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Daylight Savings Time - Prepare Your Body for When Setting Clocks Back

Daylight Savings Time - Prepare Your Body for When Setting Clocks Back

The end of daylight savings time this year takes place in the early morning hours of Sunday, November 6. This switch in daylight availability can make it difficult for some to adjust. Following is an explanation of how this seasonal change in clocks works in terms of your physiology as well as some supplements that could help you adapt to the change and help smooth out some of those wrinkles, as they say.

 

Difficulties When Daylight Savings Ends

When your whole schedule is forced to shift by one hour, it can cause disruptions to your sleep and disrupt your circadian rhythm. Setting clocks back by an hour can be an opportunity to make up for lost sleep, but this is usually not what happens for most people. This is because most people do not take advantage of the extra hour of a night’s sleep. Conversely, the schedule change can actually decrease the quality of sleep for some.

Another potential disruption for many will be the tendency to continue waking up naturally according to what their body has been used to for the previous 8 months. This means automatically waking up at, say, 5 a.m. instead of the alarm-set 6 a.m. Waking up early vs. oversleeping can work to your advantage, such as if you have an early-morning meeting or flight you can’t afford to miss, but the loss of sleep can wear on you over time. 

The change in schedule, combined with the shorter days that come with the season, can have certain health effects. The schedule change can cause some people to feel “out of step” and to experience depression as well. With less exposure to sunlight, the production of some hormones such as serotonin and melatonin decreases. Serotonin produces positive feelings of well-being, and melatonin is responsible for initiating sleep.

 

Supplements for the Seasonal Change

With the disruption in circadian rhythm, and the tendency for us to experience less sunlight, taking steps to actively correct these things can be worthwhile. Certain supplements can help regulate your circadian rhythm when adjusting to the new schedule. Others can help fill in for potential vitamin deficiencies.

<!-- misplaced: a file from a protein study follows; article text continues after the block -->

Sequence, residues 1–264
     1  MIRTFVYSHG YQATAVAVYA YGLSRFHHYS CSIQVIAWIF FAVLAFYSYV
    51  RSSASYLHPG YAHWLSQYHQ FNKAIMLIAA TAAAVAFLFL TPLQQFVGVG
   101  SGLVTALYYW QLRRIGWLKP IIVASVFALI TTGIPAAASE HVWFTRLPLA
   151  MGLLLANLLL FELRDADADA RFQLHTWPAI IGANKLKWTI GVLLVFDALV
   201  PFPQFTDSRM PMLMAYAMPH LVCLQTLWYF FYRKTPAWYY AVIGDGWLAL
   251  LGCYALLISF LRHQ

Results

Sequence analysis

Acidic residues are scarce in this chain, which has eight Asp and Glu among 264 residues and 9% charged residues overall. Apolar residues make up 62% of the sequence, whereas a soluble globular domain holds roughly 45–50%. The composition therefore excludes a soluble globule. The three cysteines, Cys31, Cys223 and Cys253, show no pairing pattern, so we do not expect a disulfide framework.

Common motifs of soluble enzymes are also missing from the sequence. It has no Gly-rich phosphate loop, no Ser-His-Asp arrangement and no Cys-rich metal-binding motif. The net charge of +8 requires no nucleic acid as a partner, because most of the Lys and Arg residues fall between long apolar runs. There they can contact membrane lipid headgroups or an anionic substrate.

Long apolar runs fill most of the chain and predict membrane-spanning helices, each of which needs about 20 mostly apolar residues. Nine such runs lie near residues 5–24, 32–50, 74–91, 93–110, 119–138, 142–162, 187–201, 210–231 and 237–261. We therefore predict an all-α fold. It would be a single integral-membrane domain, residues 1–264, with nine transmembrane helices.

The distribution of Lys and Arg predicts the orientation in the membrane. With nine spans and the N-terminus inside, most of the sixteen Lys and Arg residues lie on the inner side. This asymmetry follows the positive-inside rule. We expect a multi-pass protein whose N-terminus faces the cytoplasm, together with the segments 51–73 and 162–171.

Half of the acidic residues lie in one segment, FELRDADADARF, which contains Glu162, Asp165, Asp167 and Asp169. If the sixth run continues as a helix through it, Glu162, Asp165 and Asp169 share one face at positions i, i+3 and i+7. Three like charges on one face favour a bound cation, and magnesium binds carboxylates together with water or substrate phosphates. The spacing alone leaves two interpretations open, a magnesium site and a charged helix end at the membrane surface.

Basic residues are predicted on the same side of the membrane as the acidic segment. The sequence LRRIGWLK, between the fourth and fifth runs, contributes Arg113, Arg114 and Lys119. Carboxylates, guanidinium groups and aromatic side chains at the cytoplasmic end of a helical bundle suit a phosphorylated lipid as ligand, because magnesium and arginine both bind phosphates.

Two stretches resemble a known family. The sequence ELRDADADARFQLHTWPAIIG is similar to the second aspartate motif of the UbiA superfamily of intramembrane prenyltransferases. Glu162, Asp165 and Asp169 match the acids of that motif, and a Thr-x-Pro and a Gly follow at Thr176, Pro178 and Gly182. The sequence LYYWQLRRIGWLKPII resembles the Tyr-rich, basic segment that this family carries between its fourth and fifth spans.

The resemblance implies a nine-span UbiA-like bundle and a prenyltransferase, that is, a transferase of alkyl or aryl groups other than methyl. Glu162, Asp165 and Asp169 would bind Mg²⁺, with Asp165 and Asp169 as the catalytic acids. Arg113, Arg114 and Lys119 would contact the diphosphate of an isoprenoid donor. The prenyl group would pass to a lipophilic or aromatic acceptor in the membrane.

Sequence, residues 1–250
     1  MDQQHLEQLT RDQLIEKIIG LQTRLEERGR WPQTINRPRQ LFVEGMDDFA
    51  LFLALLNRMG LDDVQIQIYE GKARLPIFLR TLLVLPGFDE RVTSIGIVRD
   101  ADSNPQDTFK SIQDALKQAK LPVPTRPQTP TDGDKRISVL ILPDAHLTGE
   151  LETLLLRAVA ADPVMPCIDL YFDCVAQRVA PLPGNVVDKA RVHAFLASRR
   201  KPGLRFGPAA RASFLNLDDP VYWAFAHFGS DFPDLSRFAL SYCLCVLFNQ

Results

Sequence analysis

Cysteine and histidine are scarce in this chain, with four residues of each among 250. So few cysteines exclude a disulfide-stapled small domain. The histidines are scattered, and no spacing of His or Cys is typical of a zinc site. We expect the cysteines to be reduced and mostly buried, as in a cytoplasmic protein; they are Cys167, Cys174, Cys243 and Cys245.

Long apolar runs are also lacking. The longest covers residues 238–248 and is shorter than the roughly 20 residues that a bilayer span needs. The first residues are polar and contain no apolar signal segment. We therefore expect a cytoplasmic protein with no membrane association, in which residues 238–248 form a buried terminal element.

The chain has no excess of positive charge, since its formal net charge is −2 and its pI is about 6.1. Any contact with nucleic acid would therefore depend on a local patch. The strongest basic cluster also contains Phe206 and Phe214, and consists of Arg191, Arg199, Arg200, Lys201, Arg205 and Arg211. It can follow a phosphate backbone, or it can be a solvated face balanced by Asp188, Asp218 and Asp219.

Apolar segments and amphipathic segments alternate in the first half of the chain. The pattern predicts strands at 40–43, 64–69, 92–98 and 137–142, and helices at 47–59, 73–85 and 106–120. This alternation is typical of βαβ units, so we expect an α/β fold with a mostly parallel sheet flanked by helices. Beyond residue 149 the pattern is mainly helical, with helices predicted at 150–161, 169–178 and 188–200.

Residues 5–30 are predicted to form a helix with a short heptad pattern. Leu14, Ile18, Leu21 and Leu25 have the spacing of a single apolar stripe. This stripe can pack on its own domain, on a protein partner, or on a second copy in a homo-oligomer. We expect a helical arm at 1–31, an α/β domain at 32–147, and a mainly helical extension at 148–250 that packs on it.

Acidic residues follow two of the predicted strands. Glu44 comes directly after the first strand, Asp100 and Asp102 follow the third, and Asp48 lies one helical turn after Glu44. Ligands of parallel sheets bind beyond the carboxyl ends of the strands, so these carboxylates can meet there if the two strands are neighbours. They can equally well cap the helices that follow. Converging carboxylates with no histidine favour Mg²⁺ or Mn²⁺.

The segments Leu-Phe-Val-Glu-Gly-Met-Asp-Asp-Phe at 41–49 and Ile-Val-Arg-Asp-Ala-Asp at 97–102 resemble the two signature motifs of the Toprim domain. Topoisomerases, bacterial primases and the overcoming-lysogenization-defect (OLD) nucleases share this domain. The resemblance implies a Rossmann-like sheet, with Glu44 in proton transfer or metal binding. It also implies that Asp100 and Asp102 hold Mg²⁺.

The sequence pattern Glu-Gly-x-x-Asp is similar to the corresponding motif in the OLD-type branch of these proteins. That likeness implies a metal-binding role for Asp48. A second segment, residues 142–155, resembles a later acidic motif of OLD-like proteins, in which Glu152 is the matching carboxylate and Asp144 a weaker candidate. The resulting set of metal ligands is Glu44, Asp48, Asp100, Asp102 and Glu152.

Melatonin is an important hormone that is responsible for initiating sleepiness and sleep. Supplementing with melatonin has been shown to increase sleep quality. It is ideal for short-term use, especially for periods of adjusting your habits, such as after daylight savings time ends.

Vitamin D is a critical vitamin that our body produces as a result of being exposed to sunlight. Ensuring you get enough vitamin D is critical in the winter months. This is not just because we get less sun exposure, but because winter is a time when infections tend to spread more easily. The Endocrine Society recommends that adults get between 1,500 and 2,000 IU of vitamin D daily.

Valerian is a flowering plant that has historically been used to treat insomnia. Taken at the recommended dose, valerian can have a significant benefit on sleep quality. This can be helpful for those having sleep difficulties when adjusting to the new schedule. 

Vitamin B12 does many things, and one of those is increasing the production of tryptophan in the body.Tryptophan plays a role in the production of melatonin, making B12 an all-around good supporter of sound sleep. All of the B vitamins can help reduce fatigue and provide other benefits as well, but B12 can be especially helpful during this transition period that accompanies the end of daylight savings.

 

In the course of transitioning to an earlier sunrise/sunset, and shorter days, the above supplements can be a healthy assist. To ensure you get enough sleep, and enough vitamin D, keep one or more of these supplements in your cabinet. Talk to your doctor about how these can be of help to you.

 

* Statements have not been evaluated by the Food and Drug Administration. This product is not intended to diagnose, treat, cure or prevent any disease. WonderLabs always recommends reviewing any nutritional supplement changes with your primary medical provider.

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